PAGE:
http://www.thermaebathspa.com

Monday, 24 August 2009

Part 1: The Airy Fairy Side to Stonehenge





Stonehenge on windy Salisbury plain under an umbrella of whispy clouds and is breathtakingly beautiful !! It is still a big mystery how the rocks got there in the first place. You think it's just a bunch of rocks, but it's much more than that. I have always wanted to come to Stonehenge just to say that I have done it. That it was another thing to check off on my overachieving list of things to do in life and places to see. But, upon seeing Stonehenge I really was inspired.

I went on a tour which is really the best way to see it. I also saw on the way
Windsor Castle and the elegant historical Georgian City Bath. Stonehenge was the last on the the things to do that day. The guide said once I had seen them I would not want to come back. But, I beg to differ I would like to go back during the Autumnal Equinox. Apparently, there has also been many pagan weddings that take place. I think it would be interesting to see Stonehenge to appreciate the historical connection it has with the Druids and the pagan community in England.Historically, The Druids had nothing to do with the construction of the stone rings. Druids are known to have conducted their ritual activities mostly in sacred forest groves. Stonehenge is blocked off by a small low fence. There is no entrance right close up to Stonehenge, since there has been unrestrained Graffitti writing in recent years. Damn ! because I was hoping to do gongyo ( As a buddhist gongyo is the recitation of a chapter of the lotus sutra which is known to wake up the chakras and reveal your onw innate buddha nature) right near the rocks. I talked to a member a few years ago and she said she did morning gongyo with a group of Buddhists.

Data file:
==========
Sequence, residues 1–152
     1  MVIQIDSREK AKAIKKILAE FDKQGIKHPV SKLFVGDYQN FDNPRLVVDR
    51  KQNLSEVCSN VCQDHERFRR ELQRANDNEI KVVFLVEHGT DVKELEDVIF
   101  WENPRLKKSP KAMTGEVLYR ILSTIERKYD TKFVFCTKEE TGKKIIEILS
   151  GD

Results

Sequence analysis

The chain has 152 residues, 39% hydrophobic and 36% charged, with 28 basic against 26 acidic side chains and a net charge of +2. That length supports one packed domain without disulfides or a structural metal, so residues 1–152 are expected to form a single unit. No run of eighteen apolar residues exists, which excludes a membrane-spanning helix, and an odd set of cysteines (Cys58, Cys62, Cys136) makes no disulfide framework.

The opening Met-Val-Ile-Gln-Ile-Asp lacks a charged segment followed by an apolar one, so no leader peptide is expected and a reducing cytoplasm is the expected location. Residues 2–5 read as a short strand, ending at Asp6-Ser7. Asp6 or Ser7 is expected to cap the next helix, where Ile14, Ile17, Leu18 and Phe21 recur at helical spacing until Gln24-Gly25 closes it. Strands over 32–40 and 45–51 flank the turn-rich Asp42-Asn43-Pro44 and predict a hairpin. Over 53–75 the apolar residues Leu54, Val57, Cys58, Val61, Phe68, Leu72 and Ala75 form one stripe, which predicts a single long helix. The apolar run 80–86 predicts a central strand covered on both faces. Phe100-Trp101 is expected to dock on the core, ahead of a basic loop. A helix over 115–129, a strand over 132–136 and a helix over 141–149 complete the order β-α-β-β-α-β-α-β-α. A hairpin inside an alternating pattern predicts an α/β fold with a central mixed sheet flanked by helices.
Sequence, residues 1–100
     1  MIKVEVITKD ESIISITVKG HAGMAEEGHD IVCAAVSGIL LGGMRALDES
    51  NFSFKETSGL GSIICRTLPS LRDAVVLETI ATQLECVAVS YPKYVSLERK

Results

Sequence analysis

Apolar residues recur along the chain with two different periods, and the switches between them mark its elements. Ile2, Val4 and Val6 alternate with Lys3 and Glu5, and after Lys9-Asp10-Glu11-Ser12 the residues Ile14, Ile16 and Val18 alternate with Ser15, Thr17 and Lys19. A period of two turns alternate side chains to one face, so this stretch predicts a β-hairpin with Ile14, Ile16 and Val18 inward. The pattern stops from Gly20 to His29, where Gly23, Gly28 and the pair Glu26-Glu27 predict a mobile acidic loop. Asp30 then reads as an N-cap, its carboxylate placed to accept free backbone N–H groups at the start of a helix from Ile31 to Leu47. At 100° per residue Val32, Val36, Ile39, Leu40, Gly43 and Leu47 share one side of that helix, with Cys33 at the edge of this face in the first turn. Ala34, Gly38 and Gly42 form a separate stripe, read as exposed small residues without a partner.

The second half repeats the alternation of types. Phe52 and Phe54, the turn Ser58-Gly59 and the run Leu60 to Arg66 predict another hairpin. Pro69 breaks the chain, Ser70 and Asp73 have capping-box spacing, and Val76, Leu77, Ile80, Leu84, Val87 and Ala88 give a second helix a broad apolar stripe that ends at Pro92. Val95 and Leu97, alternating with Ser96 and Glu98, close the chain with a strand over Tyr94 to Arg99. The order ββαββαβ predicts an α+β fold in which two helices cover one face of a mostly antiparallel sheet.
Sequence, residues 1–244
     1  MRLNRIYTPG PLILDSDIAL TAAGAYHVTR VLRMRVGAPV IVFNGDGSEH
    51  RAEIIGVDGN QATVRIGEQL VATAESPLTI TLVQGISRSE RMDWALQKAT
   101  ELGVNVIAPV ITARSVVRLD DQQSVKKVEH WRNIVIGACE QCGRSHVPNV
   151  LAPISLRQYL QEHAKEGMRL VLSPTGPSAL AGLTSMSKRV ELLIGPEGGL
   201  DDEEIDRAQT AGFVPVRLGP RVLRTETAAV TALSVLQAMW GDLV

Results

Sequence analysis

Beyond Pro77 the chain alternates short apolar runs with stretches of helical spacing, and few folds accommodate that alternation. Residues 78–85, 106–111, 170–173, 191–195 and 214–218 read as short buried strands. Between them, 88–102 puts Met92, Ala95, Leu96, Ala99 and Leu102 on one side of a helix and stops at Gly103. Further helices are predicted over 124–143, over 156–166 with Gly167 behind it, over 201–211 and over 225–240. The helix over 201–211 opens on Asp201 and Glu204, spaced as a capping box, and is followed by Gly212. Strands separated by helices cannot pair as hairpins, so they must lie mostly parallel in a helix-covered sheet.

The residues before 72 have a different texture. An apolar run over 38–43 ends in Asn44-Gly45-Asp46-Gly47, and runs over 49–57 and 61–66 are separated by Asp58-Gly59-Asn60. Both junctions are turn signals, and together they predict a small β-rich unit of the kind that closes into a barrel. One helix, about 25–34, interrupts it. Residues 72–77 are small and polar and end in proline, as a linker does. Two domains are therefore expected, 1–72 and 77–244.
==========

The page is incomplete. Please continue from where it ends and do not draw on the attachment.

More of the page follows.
How cool is that ! I am bit jealous of her. That would have been an unforgettable spiritual experience.

Supposedly the stones are said to have healing powers.
For example, the legendary Merlin tells King Aurelius: